If you have an HIV infection, doctors measure the amount of HIV in your blood.

  • This amount is called the viral load

The viral load is an important number for you and your doctor. A high viral load is bad. It means there's a lot of virus in your body and your immune system is very weak. A low viral load is good. It usually means your treatment is working.

Doctors also regularly do blood tests to see how many CD4 cells you have.

  • This is called your CD4 count

A high CD4 count means your immune system is strong. A low CD4 count means your immune system is getting weaker. A low CD4 count may mean your drugs have stopped working or you aren't taking them. The drugs may stop working because the virus has developed resistance to them. When your CD4 count gets very low, you may have to take medicine to prevent infections.

Knowing you have HIV is important because getting treatment can help you live longer, be healthier, and not pass on the virus to other people.

How do doctors treat HIV?

Doctors can’t cure your HIV, but they can use HIV medicines, called antiretroviral medications, to slow down the infection:

  • Antiretroviral medications stop HIV from copying itself and lower the amount of HIV in your blood

  • You usually take 3 or more different HIV medicines because HIV medicines work best in groups

  • Often several medicines are put into one tablet, so you don't have to take as many pills

  • HIV medicines must be taken for life

  • If you stop taking the medicine, even for a short time, the HIV can come back

If you take your medicine exactly as the doctor prescribes, you can live a long time with HIV infection.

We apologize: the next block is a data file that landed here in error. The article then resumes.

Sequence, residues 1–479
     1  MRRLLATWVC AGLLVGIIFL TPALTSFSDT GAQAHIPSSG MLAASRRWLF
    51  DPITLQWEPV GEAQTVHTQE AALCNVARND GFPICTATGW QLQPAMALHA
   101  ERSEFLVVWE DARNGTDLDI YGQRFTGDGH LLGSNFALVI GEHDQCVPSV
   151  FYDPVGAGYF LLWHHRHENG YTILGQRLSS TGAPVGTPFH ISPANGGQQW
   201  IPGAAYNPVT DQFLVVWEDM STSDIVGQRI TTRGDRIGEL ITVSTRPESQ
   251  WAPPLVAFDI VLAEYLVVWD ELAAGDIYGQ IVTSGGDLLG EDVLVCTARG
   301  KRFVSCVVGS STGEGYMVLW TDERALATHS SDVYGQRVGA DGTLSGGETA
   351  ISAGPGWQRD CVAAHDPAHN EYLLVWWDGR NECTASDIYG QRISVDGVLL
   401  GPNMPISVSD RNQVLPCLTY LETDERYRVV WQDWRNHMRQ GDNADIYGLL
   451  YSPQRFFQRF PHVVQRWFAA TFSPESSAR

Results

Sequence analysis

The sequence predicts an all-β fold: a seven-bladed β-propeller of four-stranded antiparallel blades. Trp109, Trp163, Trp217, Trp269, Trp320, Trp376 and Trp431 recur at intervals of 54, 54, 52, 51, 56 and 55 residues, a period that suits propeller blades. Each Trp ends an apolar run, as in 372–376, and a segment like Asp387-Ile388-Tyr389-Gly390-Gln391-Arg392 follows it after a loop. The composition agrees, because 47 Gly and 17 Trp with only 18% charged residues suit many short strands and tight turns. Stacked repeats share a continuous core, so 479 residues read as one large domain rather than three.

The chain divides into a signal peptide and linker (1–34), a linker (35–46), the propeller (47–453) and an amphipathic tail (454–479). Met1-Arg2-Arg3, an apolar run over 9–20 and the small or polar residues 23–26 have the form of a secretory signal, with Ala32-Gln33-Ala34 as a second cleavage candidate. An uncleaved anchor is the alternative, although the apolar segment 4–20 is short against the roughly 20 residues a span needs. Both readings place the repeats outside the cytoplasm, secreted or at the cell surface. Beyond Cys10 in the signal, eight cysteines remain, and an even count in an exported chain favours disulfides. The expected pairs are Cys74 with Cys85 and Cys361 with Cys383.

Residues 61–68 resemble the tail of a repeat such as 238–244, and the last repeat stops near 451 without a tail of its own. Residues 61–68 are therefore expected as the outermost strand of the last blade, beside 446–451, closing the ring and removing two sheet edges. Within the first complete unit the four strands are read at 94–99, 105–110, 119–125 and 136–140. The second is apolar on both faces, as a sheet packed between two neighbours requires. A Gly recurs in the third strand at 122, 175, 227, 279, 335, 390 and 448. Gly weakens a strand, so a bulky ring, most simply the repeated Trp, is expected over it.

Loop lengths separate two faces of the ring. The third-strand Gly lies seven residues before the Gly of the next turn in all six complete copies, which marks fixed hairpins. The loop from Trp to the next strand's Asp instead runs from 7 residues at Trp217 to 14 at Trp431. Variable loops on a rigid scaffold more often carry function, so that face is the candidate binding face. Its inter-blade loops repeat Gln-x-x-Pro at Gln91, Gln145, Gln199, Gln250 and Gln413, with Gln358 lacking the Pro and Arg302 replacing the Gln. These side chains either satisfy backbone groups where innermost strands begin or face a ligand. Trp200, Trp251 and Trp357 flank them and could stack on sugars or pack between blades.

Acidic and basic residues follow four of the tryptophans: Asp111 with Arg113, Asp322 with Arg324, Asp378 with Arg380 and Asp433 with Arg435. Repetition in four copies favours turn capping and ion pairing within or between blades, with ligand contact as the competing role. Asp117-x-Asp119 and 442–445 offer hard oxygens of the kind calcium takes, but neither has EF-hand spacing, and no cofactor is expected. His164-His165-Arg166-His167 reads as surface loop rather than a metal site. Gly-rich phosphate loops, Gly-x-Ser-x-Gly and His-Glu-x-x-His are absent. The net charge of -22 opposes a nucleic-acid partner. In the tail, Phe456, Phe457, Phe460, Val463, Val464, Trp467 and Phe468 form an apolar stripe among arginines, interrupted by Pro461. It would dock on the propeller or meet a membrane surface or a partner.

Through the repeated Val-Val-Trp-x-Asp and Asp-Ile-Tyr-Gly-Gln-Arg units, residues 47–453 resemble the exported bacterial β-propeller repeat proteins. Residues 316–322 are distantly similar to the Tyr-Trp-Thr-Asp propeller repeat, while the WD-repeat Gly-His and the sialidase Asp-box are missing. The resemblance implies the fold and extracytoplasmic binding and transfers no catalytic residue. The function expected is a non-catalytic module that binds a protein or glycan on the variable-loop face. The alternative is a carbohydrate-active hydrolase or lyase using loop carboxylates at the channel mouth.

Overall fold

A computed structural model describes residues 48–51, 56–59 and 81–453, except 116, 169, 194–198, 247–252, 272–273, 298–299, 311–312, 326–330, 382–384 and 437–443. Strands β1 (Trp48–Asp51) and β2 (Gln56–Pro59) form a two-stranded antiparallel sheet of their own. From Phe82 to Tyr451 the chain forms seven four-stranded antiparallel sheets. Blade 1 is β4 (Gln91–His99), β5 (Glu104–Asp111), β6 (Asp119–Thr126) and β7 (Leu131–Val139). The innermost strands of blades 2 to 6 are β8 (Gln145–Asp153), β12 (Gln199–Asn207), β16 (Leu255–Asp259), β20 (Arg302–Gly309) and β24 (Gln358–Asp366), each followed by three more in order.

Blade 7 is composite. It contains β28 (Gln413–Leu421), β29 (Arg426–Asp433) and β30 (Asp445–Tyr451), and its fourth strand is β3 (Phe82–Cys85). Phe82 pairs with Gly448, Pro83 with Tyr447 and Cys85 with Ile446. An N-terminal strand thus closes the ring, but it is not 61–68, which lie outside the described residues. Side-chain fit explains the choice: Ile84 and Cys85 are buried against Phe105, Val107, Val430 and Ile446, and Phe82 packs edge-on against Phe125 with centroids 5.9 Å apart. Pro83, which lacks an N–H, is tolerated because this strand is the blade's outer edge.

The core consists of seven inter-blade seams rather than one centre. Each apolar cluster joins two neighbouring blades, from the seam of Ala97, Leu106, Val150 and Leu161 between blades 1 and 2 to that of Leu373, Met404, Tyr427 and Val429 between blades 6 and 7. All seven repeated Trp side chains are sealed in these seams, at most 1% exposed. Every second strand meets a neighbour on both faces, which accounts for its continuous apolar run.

Doctors may give you other medicines to:

  • Prevent other infections, such as thrush and pneumonia

  • Help with side effects, such as weakness and weight loss

Make sure all of your doctors know which HIV medicines you’re taking before they give you any other medicines.

How can I prevent HIV?

You can prevent HIV by practicing safe sex and not sharing needles.

  • Use a latex condom during sex and use the condom correctly so it's less likely to leak or break

  • Don’t use petroleum jelly or another oil-based lube with condoms because it can weaken them

  • Get tested for HIV and ask your partner to get tested too before ever having any type of sex together

  • Don’t share needles or syringes with anyone

  • Wear latex gloves if you might come into contact with the blood or other body fluids of another person

  • If you're pregnant, get an HIV test so your doctor can start you on medicine to prevent your baby from getting infected

You can also take HIV medicines before being exposed to HIV, called preexposure prophylaxis (PrEP). But the medicines are expensive and are usually only prescribed for people with a high risk of infection, such as people who have a partner with HIV.

If you already have HIV, you can prevent the spread of infection to other people by practicing safe sex and not sharing needles.

There isn't yet a vaccine to prevent HIV infection.

Where can I learn more about HIV?